We overview our systematic, scalable, and equity-focused approach for designing assessment items that measure student proficiency with new science learning goals that integrate disciplinary core ideas and crosscutting concepts with scientific practices. The assessment tasks are intended for formative use within classroom instruction.

Across a series of studies using multiple research methods, we have assembled data indicating that our tasks are functioning as intended, minimize construct-irrelevant variance, and support teachers’ classroom practice. For example, classroom observations show that teachers use the assessments in a variety of different modes, spanning a range between formative and summative use. Student cognitive lab studies provided data on both task comprehensibility and issues of equity and construct-irrelevant variance. Task performance studies have provided data on item features (e.g., difficulty) that affect student performance and on the utility of our rubric design in affording partial credit scores based on the presence or absence of key knowledge targets in the student responses.

Tuesday, April 21

Connections of Earth and Sky with Augmented Reality (CEASAR)

Nathan Kimball, Robb Lindgren, Jina Kang, Emma M. Mercier, Brian Guerrero, James P. Planey, Christine Hart, Matt Lewandowski

8:15 – 9:45 AM, Moscone Center, West Building, Level Three, Room 3001

The Connections of Earth and Sky with Augmented Reality (CEASAR) project is using AR to immerse groups of learners in the 3D complex system of the motions of the Earth, moon, sun, and stars. AR facilitates face-to-face interaction so students and teachers with multiple devices can interact freely to contribute observations and measurements from unique vantages around holographic models.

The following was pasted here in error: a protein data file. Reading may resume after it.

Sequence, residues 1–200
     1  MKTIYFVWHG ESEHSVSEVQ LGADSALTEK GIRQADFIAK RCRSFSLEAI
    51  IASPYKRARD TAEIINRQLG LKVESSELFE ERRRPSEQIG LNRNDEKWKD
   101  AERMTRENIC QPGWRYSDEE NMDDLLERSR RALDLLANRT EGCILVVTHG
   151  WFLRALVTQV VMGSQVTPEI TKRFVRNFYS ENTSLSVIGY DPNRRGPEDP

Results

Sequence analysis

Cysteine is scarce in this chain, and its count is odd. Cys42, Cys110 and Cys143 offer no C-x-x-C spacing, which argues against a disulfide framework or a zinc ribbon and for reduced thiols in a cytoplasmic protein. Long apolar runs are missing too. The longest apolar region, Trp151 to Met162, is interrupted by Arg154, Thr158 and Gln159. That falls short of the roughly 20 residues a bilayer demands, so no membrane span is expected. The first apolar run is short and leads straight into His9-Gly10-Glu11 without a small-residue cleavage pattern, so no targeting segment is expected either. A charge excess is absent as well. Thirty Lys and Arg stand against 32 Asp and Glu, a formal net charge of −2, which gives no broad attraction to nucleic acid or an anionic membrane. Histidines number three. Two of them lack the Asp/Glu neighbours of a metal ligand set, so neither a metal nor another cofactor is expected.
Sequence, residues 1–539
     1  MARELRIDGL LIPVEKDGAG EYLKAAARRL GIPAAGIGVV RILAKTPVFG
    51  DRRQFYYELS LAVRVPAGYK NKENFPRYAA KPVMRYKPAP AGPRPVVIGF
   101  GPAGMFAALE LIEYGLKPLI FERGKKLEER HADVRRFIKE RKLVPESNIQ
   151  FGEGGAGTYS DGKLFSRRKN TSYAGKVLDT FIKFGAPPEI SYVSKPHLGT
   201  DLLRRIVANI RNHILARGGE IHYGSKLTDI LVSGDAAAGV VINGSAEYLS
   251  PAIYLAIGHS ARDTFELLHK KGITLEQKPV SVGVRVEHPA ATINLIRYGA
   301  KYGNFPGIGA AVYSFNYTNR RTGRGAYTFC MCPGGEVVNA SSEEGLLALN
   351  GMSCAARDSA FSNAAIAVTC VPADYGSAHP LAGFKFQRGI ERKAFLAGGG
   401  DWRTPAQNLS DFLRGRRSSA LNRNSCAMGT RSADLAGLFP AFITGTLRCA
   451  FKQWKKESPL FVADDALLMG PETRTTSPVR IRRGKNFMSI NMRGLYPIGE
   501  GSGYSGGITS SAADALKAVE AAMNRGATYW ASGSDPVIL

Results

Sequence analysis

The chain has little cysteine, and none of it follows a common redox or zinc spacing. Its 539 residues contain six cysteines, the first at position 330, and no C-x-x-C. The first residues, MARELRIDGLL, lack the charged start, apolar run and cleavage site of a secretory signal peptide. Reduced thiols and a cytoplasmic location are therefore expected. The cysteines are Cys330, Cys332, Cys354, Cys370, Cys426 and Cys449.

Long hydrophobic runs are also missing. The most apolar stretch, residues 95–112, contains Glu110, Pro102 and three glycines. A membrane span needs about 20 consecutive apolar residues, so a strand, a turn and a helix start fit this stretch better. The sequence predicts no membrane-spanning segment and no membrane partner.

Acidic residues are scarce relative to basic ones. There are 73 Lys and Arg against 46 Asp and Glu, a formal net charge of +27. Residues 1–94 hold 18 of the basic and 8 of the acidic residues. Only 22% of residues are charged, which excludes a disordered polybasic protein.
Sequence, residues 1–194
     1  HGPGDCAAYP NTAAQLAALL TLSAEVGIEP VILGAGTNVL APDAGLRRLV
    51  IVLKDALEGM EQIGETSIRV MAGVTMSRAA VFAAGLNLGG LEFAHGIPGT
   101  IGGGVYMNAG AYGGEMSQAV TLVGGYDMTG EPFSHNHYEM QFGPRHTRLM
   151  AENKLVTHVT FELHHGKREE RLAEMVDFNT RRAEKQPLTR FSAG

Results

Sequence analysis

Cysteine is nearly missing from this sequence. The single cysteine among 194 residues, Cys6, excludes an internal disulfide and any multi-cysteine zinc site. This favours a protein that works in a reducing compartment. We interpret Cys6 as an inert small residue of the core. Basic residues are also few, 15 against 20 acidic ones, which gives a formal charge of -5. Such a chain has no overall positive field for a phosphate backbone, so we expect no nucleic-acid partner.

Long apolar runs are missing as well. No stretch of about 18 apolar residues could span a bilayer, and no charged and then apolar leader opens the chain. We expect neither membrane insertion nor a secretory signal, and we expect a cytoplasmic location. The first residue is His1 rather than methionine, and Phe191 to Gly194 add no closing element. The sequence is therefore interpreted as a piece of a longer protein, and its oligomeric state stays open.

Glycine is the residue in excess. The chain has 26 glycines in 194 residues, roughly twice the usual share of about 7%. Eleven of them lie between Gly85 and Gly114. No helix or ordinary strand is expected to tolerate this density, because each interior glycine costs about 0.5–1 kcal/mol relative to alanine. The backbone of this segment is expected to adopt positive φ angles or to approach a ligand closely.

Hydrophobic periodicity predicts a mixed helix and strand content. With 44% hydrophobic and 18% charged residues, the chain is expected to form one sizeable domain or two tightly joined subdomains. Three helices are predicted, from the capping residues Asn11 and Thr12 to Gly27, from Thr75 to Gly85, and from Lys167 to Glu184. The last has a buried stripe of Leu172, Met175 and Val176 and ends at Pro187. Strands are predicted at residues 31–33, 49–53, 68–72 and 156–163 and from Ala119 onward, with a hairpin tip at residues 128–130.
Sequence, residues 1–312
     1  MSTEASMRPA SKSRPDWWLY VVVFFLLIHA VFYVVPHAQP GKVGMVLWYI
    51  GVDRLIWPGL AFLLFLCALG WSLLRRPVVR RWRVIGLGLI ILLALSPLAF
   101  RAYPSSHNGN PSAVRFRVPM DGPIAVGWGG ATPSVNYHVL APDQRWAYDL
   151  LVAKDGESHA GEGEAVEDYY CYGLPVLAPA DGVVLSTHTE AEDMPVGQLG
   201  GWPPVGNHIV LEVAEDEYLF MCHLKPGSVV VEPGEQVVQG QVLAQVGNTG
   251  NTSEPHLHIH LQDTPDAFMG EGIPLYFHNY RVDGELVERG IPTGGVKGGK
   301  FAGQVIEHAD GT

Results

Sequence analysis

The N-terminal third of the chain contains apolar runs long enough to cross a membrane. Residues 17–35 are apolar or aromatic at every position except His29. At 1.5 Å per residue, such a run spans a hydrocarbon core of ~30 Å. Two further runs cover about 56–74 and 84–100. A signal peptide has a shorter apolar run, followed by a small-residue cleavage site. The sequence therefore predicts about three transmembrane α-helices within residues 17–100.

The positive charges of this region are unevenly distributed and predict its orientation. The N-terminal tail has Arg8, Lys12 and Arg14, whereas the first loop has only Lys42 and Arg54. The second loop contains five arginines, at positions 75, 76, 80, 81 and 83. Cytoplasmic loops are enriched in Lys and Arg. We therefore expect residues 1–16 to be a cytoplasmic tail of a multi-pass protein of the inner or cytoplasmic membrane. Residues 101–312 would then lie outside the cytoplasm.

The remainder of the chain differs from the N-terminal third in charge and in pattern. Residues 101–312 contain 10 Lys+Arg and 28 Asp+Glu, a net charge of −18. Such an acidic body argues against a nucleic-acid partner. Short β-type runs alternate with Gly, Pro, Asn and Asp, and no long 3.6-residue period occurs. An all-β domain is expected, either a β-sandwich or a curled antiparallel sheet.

The CEASAR AR platform consists of both Earth- and space-based models. Our environment is designed such that these models can be viewed, configured, related, captured, and discussed in a networked environment. Each user has a device on which they can share the same model from a different perspective or configure a view in a related model in pursuit of solving a problem. We have selected the Microsoft Hololens V2 as the optimal device for testing the CEASAR design given that it is head-mounted, hands-free, and able to detect gestures. Our environment is also accessible and connected to common devices such as tablets, phones, and laptops, all enabled with the same models created using the Unity development platform. Tools for collaboration include sharing gestures and attention across models, and sharing snapshots of individual perspectives.

We are conducting research in community college astronomy and physics classes and have involved the classroom instructors in the creation of open tasks that are appropriate to their curriculum. Numerous streams of data are generated to assess learning and collaboration. User events are logged, external video captures student action and speech, and video internal to the AR devices is recorded and analyzed.

Student Performance Prediction in Engineering Design

Wanli Xing, Bo Pei, Shan Li, Charles Xie

10:35 AM – 12:05 PM, Moscone Center, South Building, Exhibition Level, Moscone Hall A

Providing timely support to students’ learning of engineering design has been challenging using the traditional assessment methods. This study takes an initial step to employ learning analytics to build performance prediction models to identify struggling students. Specifically, to address the data sparsity and high dimensionality problems, a prediction workflow including a two-stage feature selection combined with an advanced supervised machine learning algorithm was designed and tested in a real engineering design class. Further, given that previous prediction research is usually implemented at arbitrary time points without consideration for the fluctuation of prediction model, this work proposed a brute force way to identify the best time point to run the prediction so that the performance is optimized and early enough.